Burke’s political thought was rooted to this: ‘Burke’s theory of government ... had its foundations deeply laid in his conception of a people, and in the profoundly conservative principles deduced therefrom.’68 Once more it was his Whiggishness that made him a modern conservative: Burke’s love of defending the constitution made him ‘by far the greatest of conservatives’ without being a ‘worshipper of .’69

MacCunn therefore modernized Burke’s political philosophy for his Edwardian readers. Taken literally, Burke’s ‘conservatism’ (his desire to preserve the 1688 constitution) was ‘impossible’ – reforms since 1832 had gone far beyond the limits which he held permissible. But this view could be modified in light of since his day, for example, by reading Burke in conjunction with the conscious desire from the mid-nineteenth century to produce new schemes of political legislation.70 In this way, Burke’s ‘’ was portrayed as administrative, rather than constitutional. It is here that MacCunn’s disappointment with

Burke is most palpable. As a Liberal, MacCunn admired Burke’s organicism and acknowledged the debt of Idealism to Burke’s imagination and religious feeling. He regretted, however, that Burke did not give his imagination the to envisage a future ideal of constitutional and social . Burke was not organic enough: his aristocratic bias blinded him to the coming of an inevitable . ‘Its strength lies in its insistence, so eloquent, so convincing, on the unity of the whole: the weakness is that the unity is not complete.’71 Quite simply, Burke’s lack of commitment to democracy meant that he did not sufficiently believe

67 Ibid., p. 172. 68 Ibid., p. 189. 69 Ibid., p. 151. 70 Ibid., pp. 179-80. 71 Ibid., pp. 218, 230.

in the nation as an organic whole.72 Thus, whilst Burke’s defence of the constitution made him a Whig in the eighteenth century, it made him a ‘conservative’ in 1913.

MacCunn’s work was avowedly Idealist, but his reviewers reveal that by now the idea of Burke the theorist was generally established in learned society. All, whether in disciplinary journals or more popular print media, recognized that MacCunn’s task had been to outline

Burke’s fundamental theories and their relation to modern political ideas, and many were content to approve and relay MacCunn’s exposition of Burke’s consistent political ‘doctrine’.73

G. C. Field, then Lecturer in Ethics and Politics at Manchester, was particularly impressed in his review for the International Journal of Ethics.74 MacCunn’s submergence of into conservatism was upheld in the Athenaeum which noted that Burke’s ‘belief in the divine right of the English Constitution of 1688 was the basis of his conservatism.’75 Furthermore,

MacCunn and Graham’s texts were utilized and recommended by editors of cheap editions as well as school and university text-books.76 Hence we can see that, thanks mainly to the efforts of academic political theorists, Burke had become identified, by 1914, with a political philosophy called ‘conservatism’.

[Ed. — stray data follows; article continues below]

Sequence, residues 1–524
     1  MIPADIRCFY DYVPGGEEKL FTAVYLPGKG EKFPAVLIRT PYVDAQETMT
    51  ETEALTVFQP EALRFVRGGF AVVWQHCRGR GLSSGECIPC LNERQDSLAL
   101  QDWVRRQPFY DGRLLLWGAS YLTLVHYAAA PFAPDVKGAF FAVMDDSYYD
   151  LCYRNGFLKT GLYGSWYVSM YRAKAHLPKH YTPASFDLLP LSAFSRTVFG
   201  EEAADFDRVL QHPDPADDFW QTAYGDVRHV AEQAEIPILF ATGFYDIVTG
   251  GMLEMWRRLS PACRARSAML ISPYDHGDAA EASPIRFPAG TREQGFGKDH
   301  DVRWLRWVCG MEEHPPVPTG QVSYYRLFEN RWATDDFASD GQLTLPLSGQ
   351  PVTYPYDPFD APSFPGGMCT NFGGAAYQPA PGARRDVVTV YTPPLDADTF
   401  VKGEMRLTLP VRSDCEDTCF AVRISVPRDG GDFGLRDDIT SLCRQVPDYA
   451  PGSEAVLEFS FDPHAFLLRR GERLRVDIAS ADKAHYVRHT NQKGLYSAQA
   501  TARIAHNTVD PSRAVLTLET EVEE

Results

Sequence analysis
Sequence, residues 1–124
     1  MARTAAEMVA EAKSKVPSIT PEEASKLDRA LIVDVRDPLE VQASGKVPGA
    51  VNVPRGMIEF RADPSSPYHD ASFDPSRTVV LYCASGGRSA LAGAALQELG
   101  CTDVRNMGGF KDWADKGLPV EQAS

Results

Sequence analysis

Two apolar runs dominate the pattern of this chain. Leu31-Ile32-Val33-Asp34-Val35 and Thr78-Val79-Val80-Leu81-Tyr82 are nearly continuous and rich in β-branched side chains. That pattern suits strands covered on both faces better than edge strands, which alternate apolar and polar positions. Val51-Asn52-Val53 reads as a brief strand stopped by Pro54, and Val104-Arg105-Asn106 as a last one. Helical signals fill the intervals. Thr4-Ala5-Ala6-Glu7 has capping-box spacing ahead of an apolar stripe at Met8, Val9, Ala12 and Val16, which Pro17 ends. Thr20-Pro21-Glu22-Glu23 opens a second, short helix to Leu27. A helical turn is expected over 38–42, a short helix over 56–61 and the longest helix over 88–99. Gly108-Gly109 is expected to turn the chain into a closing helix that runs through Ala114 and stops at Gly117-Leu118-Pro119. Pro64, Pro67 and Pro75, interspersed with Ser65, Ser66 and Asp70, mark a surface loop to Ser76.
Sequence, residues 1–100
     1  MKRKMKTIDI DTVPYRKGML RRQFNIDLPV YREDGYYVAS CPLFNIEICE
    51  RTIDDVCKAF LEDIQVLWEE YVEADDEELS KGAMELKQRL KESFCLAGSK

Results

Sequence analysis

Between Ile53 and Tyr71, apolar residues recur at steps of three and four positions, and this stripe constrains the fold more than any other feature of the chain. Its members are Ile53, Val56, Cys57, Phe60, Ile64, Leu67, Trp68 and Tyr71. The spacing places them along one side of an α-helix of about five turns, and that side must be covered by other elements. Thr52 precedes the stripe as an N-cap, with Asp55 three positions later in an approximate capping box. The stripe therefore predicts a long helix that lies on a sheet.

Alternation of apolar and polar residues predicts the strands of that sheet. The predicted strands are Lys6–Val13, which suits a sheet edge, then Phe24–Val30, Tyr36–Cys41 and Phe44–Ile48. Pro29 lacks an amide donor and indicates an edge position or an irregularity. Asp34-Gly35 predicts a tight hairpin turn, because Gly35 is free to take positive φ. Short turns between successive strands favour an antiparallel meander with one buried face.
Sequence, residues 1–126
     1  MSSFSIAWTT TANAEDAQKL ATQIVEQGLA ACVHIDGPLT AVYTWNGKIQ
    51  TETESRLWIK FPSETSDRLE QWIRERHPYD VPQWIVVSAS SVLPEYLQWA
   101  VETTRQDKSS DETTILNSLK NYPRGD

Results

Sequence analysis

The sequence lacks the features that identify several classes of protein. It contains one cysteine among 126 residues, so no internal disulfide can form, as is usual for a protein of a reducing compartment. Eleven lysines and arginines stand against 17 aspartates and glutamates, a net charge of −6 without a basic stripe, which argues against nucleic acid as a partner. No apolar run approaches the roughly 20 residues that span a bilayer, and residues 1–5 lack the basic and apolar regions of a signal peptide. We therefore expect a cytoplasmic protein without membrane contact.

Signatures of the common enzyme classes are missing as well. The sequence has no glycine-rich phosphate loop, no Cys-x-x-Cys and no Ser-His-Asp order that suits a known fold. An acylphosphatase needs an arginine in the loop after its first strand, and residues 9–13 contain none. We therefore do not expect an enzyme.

The third part of our story is the establishment of Burke’s place in contemporary political understandings of Toryism, Conservatism, and Unionism as political traditions. For Burke to truly become a ‘founder of Conservatism’ it was necessary for Conservative Unionists to see themselves as his intellectual heirs. The idea that Conservatism was in need of fresh historically

72 This was also the conclusion of an American reviewer, J. E. Creighton, in the Philosophical Review (Sept. 1913), pp. 558-559. 73 Spectator (9 May 1913), pp. 23-4; James Gardner, ‘The political philosophy of Burke’, American Political Science Review (May 1914), pp. 316-318. 74 G. C. Field, ‘The political philosophy of Burke’, International Journal of Ethics (Apr. 1914), p. 373. 75 Athenaeum (29 Mar. 1913), p. 356. 76 For example: Burke’s speeches on America, ed. F. J .C. Hearnshaw (London, 1913); Edmund Burke, Thoughts on the cause of the present discontents, ed. W. Murison (Cambridge, 1913).

and intellectually grounded traditions was not an entirely new development – some writers, such as W. H. Mallock, had already made efforts in this direction77 – but it was only after 1885 that Conservatives began to invest a large amount of energy in this area. This was intensified by the new political alignment created by the and, after 1900, by the growing prominence of the Labour movement and the associated threat of ‘Socialism’. Unionists needed to survive electorally and ideologically on the new terrain, and many Conservative Unionists became disillusioned with what they perceived to be an ‘unconstructive’ approach to party policy. Further impetus came from the influx of Liberal Unionists, which had a profound effect on how Tories and Conservatives conceptualized their political thinking. Self-proclaimed

Tories and Conservatives began to construct their own traditions and values of cautious reform and organic national harmony in an attempt to transcend class divisions. This need for political definition can be seen in high political terms through the appeals to Tariff Reform as protecting native, working-class jobs and, in another context, in the .78 But it can also be traced at an intellectual level as numerous authors began to theorize and/or historicize

Conservatism. Principal examples include F. E. Smith’s Toryism (1903), Lord Hugh Cecil’s